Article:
Thursday, May 21, 2015

Review: THE REUNION by A.A. Pencil

A high school reunion of misfits soon turns into a weekend in a hell-house.
Soon after the guests arrive, strange happenings begin to occur leading to the death of two of the ”friends.’ The survivors find themselves locked in a rented mansion which has its own secrets. With each devilish event, a new suspect emerges. With each new death, the remaining guests’ distrust of one another grows exponentially. Friends become enemies and enemies become co-conspirators.



My thoughts: A 10-year high school reunion proves that some things change but most things never do. Jealousy, resentment, and heartbreak all play a key role.

There were too many characters with too much baggage, which was dull and slow. Get to the point already!

The whole story was nothing but bickering, accusation, and gossip. Secrets are brutally tossed out of the bag, exposing truths and causing shame. It all seemed compelling, but it was actually exhausting.

When someone ends up dead, it takes on an “I Know What You Did Last Summer” tone with frantically trying to get rid of a body and deciphering the best tactic to lure out a potential killer.

Overall, the story was an unorganized and stale bore.

My rating: 2 stars




Wednesday, May 20, 2015

Review: BRAIN: THE MAN WHO WROTE THE BOOK THAT CHANGED THE WORLD by Dermot Davis

Daniel Waterstone has had aspirations to be a successful and famous writer, one that would follow the chains of Steinbeck and Faulkner. Fantasies about it often overwhelmed and clouded his head.

Although somewhat prideful and arrogant at his graduation, Daniel had a point. “Our literature has been in decline for decades. Loopy fads and fantasy genres, of questionable merit, now clog our once-great literary arteries.” (3) There was an “urgency” for a revival of great American literature.

Now, 10 years later, he is living as a “true” artist—in a run-down apartment with a bed, a desk, and a typewriter. He was the poor, starving artist. But he did win that writer’s award in college. Yeah, that’ll pay the bills.

I liked this book because it authenticated the struggles and passions of a real writer trying to come up with the next great story while also trying to make a buck. Aren’t we all? 

But to hear the words: “Nobody is buying what you write. No one is buying your books…Your work has no commercial appeal.” (15) Heartbreaking. Of course, the classic was Daniel’s reaction—utter freeze mode. “I don’t have anything else. This was it. This is it. I poured my soul into these pages…agonized over every single word, every phrase, every description…every vowel.” (17)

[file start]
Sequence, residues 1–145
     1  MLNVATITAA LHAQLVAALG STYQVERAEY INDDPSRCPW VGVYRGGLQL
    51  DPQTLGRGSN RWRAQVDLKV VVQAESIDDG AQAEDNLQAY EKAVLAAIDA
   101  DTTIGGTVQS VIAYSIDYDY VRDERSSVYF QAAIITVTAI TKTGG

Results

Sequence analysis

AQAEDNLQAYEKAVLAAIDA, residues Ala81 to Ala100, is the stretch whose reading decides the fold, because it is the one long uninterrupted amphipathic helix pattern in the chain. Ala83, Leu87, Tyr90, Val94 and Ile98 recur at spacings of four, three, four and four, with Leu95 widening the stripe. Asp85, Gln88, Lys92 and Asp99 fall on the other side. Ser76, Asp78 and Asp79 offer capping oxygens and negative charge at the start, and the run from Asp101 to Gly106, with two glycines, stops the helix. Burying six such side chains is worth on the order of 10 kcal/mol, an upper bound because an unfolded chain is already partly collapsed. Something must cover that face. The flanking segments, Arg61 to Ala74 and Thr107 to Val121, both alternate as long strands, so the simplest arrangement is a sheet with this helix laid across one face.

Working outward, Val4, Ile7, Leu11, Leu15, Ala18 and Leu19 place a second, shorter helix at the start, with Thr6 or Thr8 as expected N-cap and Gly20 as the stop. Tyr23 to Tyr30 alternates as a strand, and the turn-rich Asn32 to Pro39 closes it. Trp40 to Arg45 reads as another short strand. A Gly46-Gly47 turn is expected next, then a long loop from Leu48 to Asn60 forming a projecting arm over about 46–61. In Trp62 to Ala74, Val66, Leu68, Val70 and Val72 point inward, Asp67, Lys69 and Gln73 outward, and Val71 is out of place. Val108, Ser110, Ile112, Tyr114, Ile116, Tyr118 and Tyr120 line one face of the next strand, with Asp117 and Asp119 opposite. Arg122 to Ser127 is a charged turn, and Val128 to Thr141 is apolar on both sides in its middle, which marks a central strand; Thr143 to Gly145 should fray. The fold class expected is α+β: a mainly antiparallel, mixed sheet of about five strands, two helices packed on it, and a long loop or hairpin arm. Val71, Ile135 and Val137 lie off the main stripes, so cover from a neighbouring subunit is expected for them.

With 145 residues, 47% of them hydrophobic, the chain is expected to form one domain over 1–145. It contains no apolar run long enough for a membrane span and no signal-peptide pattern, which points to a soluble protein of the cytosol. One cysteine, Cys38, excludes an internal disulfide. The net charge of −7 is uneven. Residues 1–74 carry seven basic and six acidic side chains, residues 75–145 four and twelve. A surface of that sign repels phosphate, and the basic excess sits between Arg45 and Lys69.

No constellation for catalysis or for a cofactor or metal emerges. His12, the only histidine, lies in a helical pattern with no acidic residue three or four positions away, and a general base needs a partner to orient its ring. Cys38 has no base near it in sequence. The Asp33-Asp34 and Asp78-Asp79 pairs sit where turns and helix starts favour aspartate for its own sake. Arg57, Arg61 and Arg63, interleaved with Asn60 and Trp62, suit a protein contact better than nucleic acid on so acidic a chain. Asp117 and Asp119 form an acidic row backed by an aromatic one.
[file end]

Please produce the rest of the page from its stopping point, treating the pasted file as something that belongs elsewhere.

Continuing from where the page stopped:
A question that every writer must ask is: What do I write? Do I write something the market wants and that will sell? Or do I write what I want?

“Idiots do not have the intellectual capacity to identify genius. All that idiots are mentally equipped to recognize are other idiots.” (32) But what do they read? “People are miserable and are leading lives filled with a mix of boredom and pain.  Books help them to escape all that.” (37)

But “[Daniel] didn’t want to pimp out his genuine talents and become a hack, just to sell books and become ‘popular.” (41) But he was broke and he needed to do something.

“As frustrating as it may be…you can only watch from the sidelines as your baby grows up. In most cases, they die or, more likely, stall in infancy. In some rare cases, however, a book becomes a monster. Whether we like it or not, once it goes public, a book takes on a life of its own.” (72)

“People say that it’s good to have an open mind but the best kind of mind to have is one that’s totally vacant.” (131)

 
The agent is crazy! In fact, the entire publication spectrum was crazy—yet accurate. For a dream to finally come true but to have none of the fulfilling qualities one anticipated seemed lyrical, ironic and, to paraphrase Daniel, satirical.

The novel explores the dark, cold recess of the publishing world along with a slew of ineffable, metaphysical possibilities.

Well-written and enthralling, this smart and witty novel is a must-read! Funny, sorrowful, and relatable. It will stay with you long after you’re done.  

 
My rating: 5 stars
 
 
 
 
 





Tuesday, May 19, 2015

Review: BEHIND THE VOICE by Cassi Gray


 

This story quickly grabbed me with its captivating start and descriptive details.

As she was running late for work, Cordelia somehow gets stuck in an elevator….with a strange voice. Could it be her imagination running wild? Or perhaps she was just going mad? Or was it really a ghost or a vengeful spirit? Who the hell knows, but it was creepy and mysterious.

The voice was named Jeremy, and he asked her weird questions, like “would you save someone?” What was even stranger was that the voice claimed he was actually helping her, saving her. Really? It was just getting creepier and creepier.